The estimates for the Jadovno concentration camp generally offer a range of 10,000 – 72,000 deaths at the camp over a period of 122 days (May to August 1941). Most commonly Jadovno victims were bound together in a line and the first few victims were murdered with rifle butts or other objects. Afterwards, an entire row of inmates were pushed into the ravine. Hand grenades were hurled inside in order to finish off the victims. Dogs would also be thrown in to feed on the wounded and the dead. Inmates were also killed by machine gunfire, as well as with knives and blunt objects.
The estimated total number of people executed in the Nazi camps in the table below is over three million:
|Operational||Occupied territory||Current country of location||Primary means for mass killings|
|Auschwitz–Birkenau||1,100,000 ||May 1940 – January 1945||Province of Upper Silesia||Poland||Zyklon B gas chambers|
|Bełżec||600,000 ||17 March 1942 – end of June 1943||General Government district||Poland||Carbon monoxide gas chambers|
|Chełmno||320,000 ||8 December 1941 – March 1943,
June 1944 – 18 January 1945
|District of Reichsgau Wartheland||Poland||Carbon monoxide vans|
|Majdanek||80,000 ||October 1, 1941 — July 22, 1944||General Government district||Poland||Zyklon B gas chambers|
|Maly Trostinets||200,000 ||Summer of 1941 to 28 June 1944||District of Reichskommissariat Ostland||Belarus||Mass shootings, gas van |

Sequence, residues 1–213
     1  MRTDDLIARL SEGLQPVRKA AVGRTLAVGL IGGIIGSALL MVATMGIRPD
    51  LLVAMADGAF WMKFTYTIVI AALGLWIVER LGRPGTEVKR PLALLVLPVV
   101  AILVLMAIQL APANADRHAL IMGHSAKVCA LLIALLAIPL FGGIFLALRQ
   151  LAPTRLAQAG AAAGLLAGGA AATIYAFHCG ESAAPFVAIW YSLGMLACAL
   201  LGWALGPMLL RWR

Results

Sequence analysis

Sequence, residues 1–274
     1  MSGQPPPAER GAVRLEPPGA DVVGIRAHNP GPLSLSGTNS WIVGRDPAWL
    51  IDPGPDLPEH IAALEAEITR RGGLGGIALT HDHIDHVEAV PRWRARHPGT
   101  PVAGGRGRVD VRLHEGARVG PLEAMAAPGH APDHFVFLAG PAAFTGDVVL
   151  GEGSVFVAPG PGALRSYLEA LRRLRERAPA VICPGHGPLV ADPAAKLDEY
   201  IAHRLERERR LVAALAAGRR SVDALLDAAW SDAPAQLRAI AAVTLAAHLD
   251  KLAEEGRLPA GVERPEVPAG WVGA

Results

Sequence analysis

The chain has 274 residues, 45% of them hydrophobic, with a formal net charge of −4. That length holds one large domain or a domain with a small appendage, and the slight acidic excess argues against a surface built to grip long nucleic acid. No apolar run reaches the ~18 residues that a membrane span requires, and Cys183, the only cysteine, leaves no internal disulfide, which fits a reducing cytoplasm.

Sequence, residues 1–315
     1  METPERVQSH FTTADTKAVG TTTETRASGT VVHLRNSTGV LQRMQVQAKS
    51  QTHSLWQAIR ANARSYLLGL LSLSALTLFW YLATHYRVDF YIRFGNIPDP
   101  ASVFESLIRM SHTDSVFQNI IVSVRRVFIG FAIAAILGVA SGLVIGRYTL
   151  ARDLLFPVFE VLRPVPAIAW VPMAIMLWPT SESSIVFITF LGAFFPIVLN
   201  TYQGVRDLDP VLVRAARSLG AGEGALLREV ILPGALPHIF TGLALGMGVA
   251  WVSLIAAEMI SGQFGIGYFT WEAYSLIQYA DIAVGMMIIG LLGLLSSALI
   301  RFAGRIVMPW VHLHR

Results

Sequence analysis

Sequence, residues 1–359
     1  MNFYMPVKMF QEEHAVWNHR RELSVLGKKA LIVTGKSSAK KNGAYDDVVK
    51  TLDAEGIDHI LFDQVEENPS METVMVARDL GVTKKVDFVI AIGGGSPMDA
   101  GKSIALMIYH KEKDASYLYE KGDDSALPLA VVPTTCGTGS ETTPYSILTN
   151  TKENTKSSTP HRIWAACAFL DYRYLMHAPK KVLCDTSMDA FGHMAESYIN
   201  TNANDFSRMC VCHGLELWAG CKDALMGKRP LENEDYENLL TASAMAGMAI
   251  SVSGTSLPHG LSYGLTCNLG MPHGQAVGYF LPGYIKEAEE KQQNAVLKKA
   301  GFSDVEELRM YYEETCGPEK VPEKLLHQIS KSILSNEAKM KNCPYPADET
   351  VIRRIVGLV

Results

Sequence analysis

|28 October 1941–July 1944||Independent State of Croatia||Serbia||Carbon monoxide van|
|Sobibór||250,000 ||16 May 1942 – 17 October 1943||General Government district||Poland||Carbon monoxide gas chambers|
|Treblinka||800,000 ||22 July 1942 – 19 October 1943||General Government district||Poland||Carbon monoxide gas chambers|
Dismantlement and attempted concealment
The Nazis attempted to either partly or completely dismantle the extermination camps in order to hide any evidence that people had been murdered. This was an attempt to conceal not only the extermination process but also the buried remains. As a result of the secretive Sonderaktion 1005, camps were dismantled by commandos of condemned prisoners, records destroyed, and mass graves were dug up. Some extermination camps that remained uncleared of evidence were liberated by Soviet troops, who had different standards of documentation and openness than the Western allies.
The notable exception in this is Majdanek. Majdanek was ordered to share a similar fate to the other camps by the Nazi leadership in their attempt to cover up the murderous events. Majdanek though was captured nearly intact. This was due to the rapid advance of the Soviet Red Army during Operation Bagration preventing the SS from destroying most of its infrastructure. Commandant Anton Thernes failed in his task of removing incriminating evidence of war crimes.
In the post-war period the government of the People's Republic of Poland created monuments at the extermination camp sites. These early monuments mentioned no ethnic, religious, or national particulars of the Nazi victims. The extermination camps sites have been accessible to everyone in recent decades. They are popular destinations for visitors from all over the world, especially the most infamous Nazi death camp, Auschwitz near the town of Oświęcim. In the early 1990s, the Jewish Holocaust organisations debated with the Polish Catholic groups about "What religious symbols of martyrdom are appropriate as memorials in a Nazi death camp such as Auschwitz?" The Jews opposed the placement of Christian memorials such as the Auschwitz cross near Auschwitz I where mostly Poles were killed. The Jewish victims of the Holocaust were mostly killed at Auschwitz II Birkenau.